- What is bupropion, and how does it work (mechanism of action)?
- What brand names are available for bupropion?
- Is bupropion available as a generic drug?
- Do I need a prescription for bupropion?
- What are the side effects of bupropion?
- What is the dosage for bupropion?
- Is bupropion safe to take if I'm pregnant or breastfeeding?
- What else should I know about bupropion?
What is bupropion, and how does it work (mechanism of action)?
Bupropion is an antidepressant medication that affects chemicals within the brain that nerves use to send messages to each other. These chemical messengers are called neurotransmitters. Many experts believe that depression is caused by an imbalance among the amounts of neurotransmitters that are released. Nerves, in a process referred to as reuptake, may recycle released neurotransmitters. Bupropion works by inhibiting the reuptake of dopamine, serotonin, and norepinephrine; an action that results in more dopamine, serotonin, and norepinephrine to transmit messages to other nerves. Bupropion is unique and unlike other antidepressants in that its major effect is on dopamine, an effect that is not shared by the selective serotonin reuptake inhibitors or SSRIs (for example, paroxetine [Paxil], fluoxetine [Prozac], sertraline [Zoloft]) or the tricyclic antidepressants or TCAs (for example, amitriptyline [Elavil, Endep], imipramine [Tofranil], desipramine [Norpramin]). The FDA approved bupropion in December 1985.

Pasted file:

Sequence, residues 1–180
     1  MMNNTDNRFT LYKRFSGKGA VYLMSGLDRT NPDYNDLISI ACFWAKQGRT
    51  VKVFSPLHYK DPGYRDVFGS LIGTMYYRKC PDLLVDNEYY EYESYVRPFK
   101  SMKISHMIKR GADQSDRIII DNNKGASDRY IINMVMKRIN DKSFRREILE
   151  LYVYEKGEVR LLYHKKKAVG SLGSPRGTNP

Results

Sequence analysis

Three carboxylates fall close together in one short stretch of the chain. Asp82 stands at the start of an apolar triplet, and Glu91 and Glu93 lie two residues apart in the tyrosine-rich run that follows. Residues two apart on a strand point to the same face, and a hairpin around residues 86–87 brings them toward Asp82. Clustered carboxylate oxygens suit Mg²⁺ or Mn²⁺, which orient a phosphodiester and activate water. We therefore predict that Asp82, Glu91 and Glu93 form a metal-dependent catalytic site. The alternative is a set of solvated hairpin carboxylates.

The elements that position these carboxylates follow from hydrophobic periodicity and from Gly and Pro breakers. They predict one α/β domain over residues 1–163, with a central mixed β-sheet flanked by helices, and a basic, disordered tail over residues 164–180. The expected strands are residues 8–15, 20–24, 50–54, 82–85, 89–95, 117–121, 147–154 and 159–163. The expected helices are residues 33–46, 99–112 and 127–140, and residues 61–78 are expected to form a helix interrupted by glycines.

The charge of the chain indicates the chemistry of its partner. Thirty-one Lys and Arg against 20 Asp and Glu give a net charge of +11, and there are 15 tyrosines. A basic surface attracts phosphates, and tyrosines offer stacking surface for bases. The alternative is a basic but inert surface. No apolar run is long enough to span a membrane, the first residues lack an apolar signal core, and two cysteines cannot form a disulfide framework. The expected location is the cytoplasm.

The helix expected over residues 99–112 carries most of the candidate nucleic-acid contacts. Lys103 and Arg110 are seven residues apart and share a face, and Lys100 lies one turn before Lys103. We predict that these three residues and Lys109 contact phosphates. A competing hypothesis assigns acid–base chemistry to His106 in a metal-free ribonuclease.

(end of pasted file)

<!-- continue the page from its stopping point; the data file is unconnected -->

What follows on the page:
What brand names are available for bupropion?
Wellbutrin, Wellbutrin SR, Wellbutrin XL, Zyban, Aplenzin
Is bupropion available as a generic drug?
GENERIC AVAILABLE: Yes
Do I need a prescription for bupropion?
What are the side effects of bupropion?
The most common side effects associated with bupropion are agitation, dry mouth, insomnia, headache, nausea, constipation, and tremor. In some people, the agitation or insomnia is most marked shortly after starting therapy. Some patients may experience weight loss. Uncommonly, patients may experience manic episodes or hallucinations. Four of every 1000 persons who receive bupropion in doses less than 450 mg/day experience seizures. When doses exceed 450 mg/day, the risk increases ten-fold. Other risk factors for seizures include past injury to the head and medications which can lower the threshold for seizures. (See drug interactions.)
Antidepressants increased the risk of suicidal thinking and behavior (suicidality in short-term studies in children and adolescents with depression and other psychiatric disorders. Anyone considering the use of bupropion or any other antidepressant in a child or adolescent must balance this risk with the clinical need. Patients who are started on therapy should be closely observed for clinical worsening, suicidality, or unusual changes in behavior.
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